Neural correlates of orbital telorism

Mikolaj A. Pawlak, Maria J. Knol, Meike W. Vernooij, M. Arfan Ikram, Hieab H.H. Adams, T. E. Evans*

*Corresponding author for this work

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Abstract

Orbital telorism, the interocular distance, is clinically informative and in extremes is considered a minor physical anomaly. While its extremes, hypo- and hypertelorism, have been linked to disorders often related to cognitive ability, little is known about the neural correlates of normal variation of telorism within the general population. We derived measures of orbital telorism from cranial magnetic resonance imaging (MRI) by calculating the distance between the eyeball center of gravity in two population-based datasets (N = 5,653, N = 29,824; mean age 64.66, 63.75 years). This measure was found to be related to grey matter tissue density within numerous regions of the brain, including, but surprisingly not limited to, the frontal regions, in both positive and negative directions. Additionally, telorism was related to several cognitive functions, such as Purdue pegboard test (Beta, P-value (CI95%) −.02, 1.63 × 10−7 (−.03:-.01)) and fluid intelligence (.02, 4.75 × 10−6 (.01:0.02)), with some relationships driven by individuals with a smaller orbital telorism. This is reflective of the higher prevalence of hypotelorism in developmental disorders, specifically those that accompany lower cognitive lower functioning. This study suggests, despite previous links only made in clinical extremes, that orbital telorism holds some relation to structural brain development and cognitive function in the general population. This relationship is likely driven by shared developmental periods.

Original languageEnglish
Pages (from-to)315-326
Number of pages12
JournalCortex
Volume145
DOIs
Publication statusPublished - Dec 2021

Bibliographical note

Funding Information:
MAP was supported by the H2020 Grant 730897 ?Transnational Access Program for a Pan-European Network of HPC Research Infrastructures and Laboratories for scientific computing?. HHHA was supported by ZonMW grant number 916.19.151. We thank SURFsara (www.surfsara.nl) for their support in using the Dutch national supercomputer Cartesius. This study was carried out using UK Biobank Application number 23509, and we thank the participants in the UK Biobank imaging study (https://www.ukbiobank.ac.uk/). The Rotterdam Study (http://www.epib.nl/research/ergo.htm) is supported by the Erasmus Medical Center and Erasmus University Rotterdam, the Netherlands Organization for Scientific Research (NWO), the Netherlands Organization for Health Research and Development (ZonMw), The Research Institute for Diseases in the Elderly (RIDE), the Ministry of Education, Culture and Science, the Ministry of Health, Welfare and Sports, the European Commission (DG XII), and the Municipality of Rotterdam. This study was further financially supported by the Netherlands Organization for Scientific Research (NWO) grants 948-00-010 and 918-46-615. None of the funding organizations or sponsors were involved in the design and conduct of the study; collection, management analysis and interpretation of the data; and preparation, review, or approval of the manuscript. We would also like to thank the participants of the Rotterdam Study.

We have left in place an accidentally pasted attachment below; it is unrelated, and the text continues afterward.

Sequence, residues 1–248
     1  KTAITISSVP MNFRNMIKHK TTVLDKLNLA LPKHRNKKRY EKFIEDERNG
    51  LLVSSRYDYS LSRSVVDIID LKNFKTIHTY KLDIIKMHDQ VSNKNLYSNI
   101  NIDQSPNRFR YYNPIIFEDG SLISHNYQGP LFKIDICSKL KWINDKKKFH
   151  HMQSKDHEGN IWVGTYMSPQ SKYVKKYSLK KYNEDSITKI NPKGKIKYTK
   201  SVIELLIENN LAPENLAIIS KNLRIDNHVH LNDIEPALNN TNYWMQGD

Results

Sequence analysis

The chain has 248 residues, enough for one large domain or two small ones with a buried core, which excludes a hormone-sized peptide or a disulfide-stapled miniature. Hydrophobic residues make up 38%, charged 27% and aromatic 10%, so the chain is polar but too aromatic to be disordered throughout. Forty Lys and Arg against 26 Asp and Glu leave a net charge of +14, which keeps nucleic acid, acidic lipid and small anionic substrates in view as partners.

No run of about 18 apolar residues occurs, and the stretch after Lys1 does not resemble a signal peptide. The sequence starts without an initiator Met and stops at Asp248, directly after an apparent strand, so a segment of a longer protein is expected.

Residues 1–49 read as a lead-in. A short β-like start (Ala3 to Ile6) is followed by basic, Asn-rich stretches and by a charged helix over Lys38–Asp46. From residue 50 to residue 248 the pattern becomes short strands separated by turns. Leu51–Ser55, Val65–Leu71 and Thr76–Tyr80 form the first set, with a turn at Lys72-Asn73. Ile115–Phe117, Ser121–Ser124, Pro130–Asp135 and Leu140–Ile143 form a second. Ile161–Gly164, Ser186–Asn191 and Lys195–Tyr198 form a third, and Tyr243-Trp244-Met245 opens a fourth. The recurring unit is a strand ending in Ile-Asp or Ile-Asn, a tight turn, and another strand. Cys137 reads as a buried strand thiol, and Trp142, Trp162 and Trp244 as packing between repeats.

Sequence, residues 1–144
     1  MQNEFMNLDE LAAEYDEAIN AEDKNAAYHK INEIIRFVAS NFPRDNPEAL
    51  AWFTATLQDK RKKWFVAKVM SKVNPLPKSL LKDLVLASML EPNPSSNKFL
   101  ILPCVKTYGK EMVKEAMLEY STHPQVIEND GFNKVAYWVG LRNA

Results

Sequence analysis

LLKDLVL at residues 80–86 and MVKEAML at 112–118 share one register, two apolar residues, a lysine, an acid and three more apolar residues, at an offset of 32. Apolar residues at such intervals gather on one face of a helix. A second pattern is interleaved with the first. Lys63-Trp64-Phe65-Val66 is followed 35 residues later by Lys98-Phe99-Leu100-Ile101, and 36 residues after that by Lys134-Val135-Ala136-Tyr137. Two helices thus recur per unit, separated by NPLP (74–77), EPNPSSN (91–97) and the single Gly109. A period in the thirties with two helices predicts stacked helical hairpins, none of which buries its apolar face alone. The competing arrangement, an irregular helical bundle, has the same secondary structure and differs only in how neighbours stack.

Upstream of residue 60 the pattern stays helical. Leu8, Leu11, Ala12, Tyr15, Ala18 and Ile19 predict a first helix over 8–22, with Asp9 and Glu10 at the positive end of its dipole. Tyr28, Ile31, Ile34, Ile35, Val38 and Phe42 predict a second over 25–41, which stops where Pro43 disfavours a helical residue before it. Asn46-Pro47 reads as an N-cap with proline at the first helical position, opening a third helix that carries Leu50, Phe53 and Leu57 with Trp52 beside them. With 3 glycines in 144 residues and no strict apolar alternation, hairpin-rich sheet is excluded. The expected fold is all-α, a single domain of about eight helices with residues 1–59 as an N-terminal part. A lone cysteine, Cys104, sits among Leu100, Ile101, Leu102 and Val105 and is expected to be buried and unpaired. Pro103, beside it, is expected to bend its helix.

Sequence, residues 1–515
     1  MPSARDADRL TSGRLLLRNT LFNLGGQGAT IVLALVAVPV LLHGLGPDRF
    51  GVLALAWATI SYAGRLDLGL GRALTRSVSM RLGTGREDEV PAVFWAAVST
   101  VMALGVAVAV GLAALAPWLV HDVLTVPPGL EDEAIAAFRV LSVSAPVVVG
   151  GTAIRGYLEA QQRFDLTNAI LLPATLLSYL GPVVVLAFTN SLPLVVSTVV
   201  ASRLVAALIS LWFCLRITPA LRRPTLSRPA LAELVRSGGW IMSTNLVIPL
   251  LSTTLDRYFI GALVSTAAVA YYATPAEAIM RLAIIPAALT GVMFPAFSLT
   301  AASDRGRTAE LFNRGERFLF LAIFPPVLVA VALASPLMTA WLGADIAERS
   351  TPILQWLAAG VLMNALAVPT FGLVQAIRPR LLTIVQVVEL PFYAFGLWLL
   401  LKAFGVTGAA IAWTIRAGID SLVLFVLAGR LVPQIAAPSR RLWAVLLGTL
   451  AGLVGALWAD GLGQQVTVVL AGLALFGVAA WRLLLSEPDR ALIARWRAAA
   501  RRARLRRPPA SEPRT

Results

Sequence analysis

Funding Information:
MAP was supported by the H2020 Grant 730897 “Transnational Access Program for a Pan-European Network of HPC Research Infrastructures and Laboratories for scientific computing”. HHHA was supported by ZonMW grant number 916.19.151. We thank SURFsara ( www.surfsara.nl ) for their support in using the Dutch national supercomputer Cartesius. This study was carried out using UK Biobank Application number 23509, and we thank the participants in the UK Biobank imaging study ( https://www.ukbiobank.ac.uk/ ). The Rotterdam Study ( http://www.epib.nl/research/ergo.htm ) is supported by the Erasmus Medical Center and Erasmus University Rotterdam, the Netherlands Organization for Scientific Research (NWO), the Netherlands Organization for Health Research and Development (ZonMw) , The Research Institute for Diseases in the Elderly (RIDE), the Ministry of Education, Culture and Science, the Ministry of Health, Welfare and Sports , the European Commission (DG XII), and the Municipality of Rotterdam. This study was further financially supported by the Netherlands Organization for Scientific Research (NWO) grants 948-00-010 and 918-46-615 . None of the funding organizations or sponsors were involved in the design and conduct of the study; collection, management analysis and interpretation of the data; and preparation, review, or approval of the manuscript. We would also like to thank the participants of the Rotterdam Study.

Publisher Copyright:
© 2021 The Author(s)

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